Vector competence of Aedes vexans (Meigen), Culex poicilipes (Theobald) and Cx. quinquefasciatus Say from Senegal for West and East African lineages of Rift Valley fever virus

Ndiaye, E. H. et al. (2016) Vector competence of Aedes vexans (Meigen), Culex poicilipes (Theobald) and Cx. quinquefasciatus Say from Senegal for West and East African lineages of Rift Valley fever virus. Parasites and Vectors, 9, 94. (doi: 10.1186/s13071-016-1383-y) (PMID:26897521) (PMCID:PMC4761212)

116730.pdf - Published Version
Available under License Creative Commons Attribution.



Background Rift Valley fever virus (RVFV; Phlebovirus, Bunyaviridae) is a mosquito–borne, zoonotic pathogen. In Senegal, RVFV was first isolated in 1974 from Aedes dalzieli (Theobald) and thereafter from Ae. fowleri (de Charmoy), Ae. ochraceus Theobald, Ae. vexans (Meigen), Culex poicilipes (Theobald), Mansonia africana (Theobald) and Ma. uniformis (Theobald). However, the vector competence of these local species has never been demonstrated making hypothetical the transmission cycle proposed for West Africa based on serological data and mosquito isolates. Methods Aedes vexans and Cx. poicilipes, two common mosquito species most frequently associated with RVFV in Senegal, and Cx. quinquefasciatus, the most common domestic species, were assessed after oral feeding with three RVFV strains of the West and East/central African lineages. Fully engorged mosquitoes (420 Ae. vexans, 563 Cx. quinquefasciatus and 380 Cx. poicilipes) were maintained at 27 ± 1 °C and 70–80 % relative humidity. The saliva, legs/wings and bodies were tested individually for the RVFV genome using real-time RT-PCR at 5, 10, 15 and 20 days post exposure (dpe) to estimate the infection, dissemination, and transmission rates. Genotypic characterisation of the 3 strains used were performed to identify factors underlying the different patterns of transmission. Results The infection rates varied between 30.0–85.0 % for Ae. vexans, 3.3–27 % for Cx. quinquefasciatus and 8.3–46.7 % for Cx. poicilipes, and the dissemination rates varied between 10.5–37 % for Ae. vexans, 9.5–28.6 % for Cx. quinquefasciatus and 3.0–40.9 % for Cx. poicilipes. However only the East African lineage was transmitted, with transmission rates varying between 13.3–33.3 % in Ae. vexans, 50 % in Cx. quinquefasciatus and 11.1 % in Cx. poicilipes. Culex mosquitoes were less susceptible to infection than Ae. vexans. Compared to other strains, amino acid variation in the NSs M segment proteins of the East African RVFV lineage human-derived strain SH172805, might explain the differences in transmission potential. Conclusion Our findings revealed that all the species tested were competent for RVFV with a significant more important role of Ae. vexans compared to Culex species and a highest potential of the East African lineage to be transmitted.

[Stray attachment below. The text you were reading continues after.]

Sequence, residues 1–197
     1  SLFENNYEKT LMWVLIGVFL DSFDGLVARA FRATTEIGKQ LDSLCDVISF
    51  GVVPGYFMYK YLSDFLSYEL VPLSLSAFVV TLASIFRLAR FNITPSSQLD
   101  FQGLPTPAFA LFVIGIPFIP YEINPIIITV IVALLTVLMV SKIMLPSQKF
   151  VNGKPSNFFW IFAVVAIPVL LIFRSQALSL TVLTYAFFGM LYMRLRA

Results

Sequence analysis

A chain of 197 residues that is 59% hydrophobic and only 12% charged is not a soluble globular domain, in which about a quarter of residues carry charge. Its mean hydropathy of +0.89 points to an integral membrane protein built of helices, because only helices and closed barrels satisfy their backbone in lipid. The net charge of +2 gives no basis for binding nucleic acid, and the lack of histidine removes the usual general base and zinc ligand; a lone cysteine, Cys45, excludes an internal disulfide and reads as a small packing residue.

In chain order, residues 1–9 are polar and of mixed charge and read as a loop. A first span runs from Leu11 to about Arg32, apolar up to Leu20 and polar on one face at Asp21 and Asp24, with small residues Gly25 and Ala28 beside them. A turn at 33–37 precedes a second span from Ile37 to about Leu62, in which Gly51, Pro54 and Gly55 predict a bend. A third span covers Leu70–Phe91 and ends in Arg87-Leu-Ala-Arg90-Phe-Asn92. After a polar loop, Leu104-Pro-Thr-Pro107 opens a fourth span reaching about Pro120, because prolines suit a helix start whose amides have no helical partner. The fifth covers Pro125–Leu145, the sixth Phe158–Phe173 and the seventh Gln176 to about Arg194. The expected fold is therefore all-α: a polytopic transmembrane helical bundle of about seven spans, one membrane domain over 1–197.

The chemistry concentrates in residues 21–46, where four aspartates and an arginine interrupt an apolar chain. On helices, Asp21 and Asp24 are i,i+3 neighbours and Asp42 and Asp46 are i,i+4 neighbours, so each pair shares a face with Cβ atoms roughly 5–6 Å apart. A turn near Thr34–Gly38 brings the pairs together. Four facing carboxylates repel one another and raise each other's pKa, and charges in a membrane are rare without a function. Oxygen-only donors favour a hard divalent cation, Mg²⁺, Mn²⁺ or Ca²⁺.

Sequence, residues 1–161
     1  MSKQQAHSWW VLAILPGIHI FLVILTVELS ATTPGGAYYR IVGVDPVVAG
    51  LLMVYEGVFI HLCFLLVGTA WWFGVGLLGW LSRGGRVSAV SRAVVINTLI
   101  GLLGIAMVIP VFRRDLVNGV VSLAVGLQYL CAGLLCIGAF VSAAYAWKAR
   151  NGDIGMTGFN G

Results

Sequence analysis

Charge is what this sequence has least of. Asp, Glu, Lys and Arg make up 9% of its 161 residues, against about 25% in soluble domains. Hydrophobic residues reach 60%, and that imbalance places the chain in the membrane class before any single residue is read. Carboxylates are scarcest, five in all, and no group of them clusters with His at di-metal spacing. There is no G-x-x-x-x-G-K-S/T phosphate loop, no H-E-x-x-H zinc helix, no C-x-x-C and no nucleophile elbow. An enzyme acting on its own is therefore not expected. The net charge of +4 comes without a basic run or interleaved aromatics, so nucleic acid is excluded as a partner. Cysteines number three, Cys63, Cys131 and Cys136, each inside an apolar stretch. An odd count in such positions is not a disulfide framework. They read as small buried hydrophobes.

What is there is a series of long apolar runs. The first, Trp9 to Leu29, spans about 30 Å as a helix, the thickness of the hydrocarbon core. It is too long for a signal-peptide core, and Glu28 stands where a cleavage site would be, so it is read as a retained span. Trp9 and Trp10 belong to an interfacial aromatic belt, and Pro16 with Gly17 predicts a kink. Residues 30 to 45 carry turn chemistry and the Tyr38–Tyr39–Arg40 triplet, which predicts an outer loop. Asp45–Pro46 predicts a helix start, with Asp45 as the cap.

Item Type:Articles
Glasgow Author(s) Enlighten ID:Kohl, Professor Alain
Authors: Ndiaye, E. H., Gamou, F., Alioune, G., Bob Ndeye, S., Cheikh, T., Diagne, C. T., Diallo, D., Yamar, B.A., Dia, I., Kohl, A., Sall, A. A., and Diallo, M.
College/School:College of Medical Veterinary and Life Sciences > Institute of Infection Immunity and Inflammation
Journal Name:Parasites and Vectors
Publisher:BioMed Central Ltd.
ISSN (Online):1756-3305
Copyright Holders:Copyright © 2016 Ndiaye et al.
First Published:First published in Parasites and Vectors 9:94
Publisher Policy:Reproduced under a Creative Commons License

University Staff: Request a correction | Enlighten Editors: Update this record

Project CodeAward NoProject NamePrincipal InvestigatorFunder's NameFunder RefLead Dept
656551Arbovirus interactions with arthropod hostsAlain KohlMedical Research Council (MRC)MC_UU_12014/8MVLS III - CENTRE FOR VIRUS RESEARCH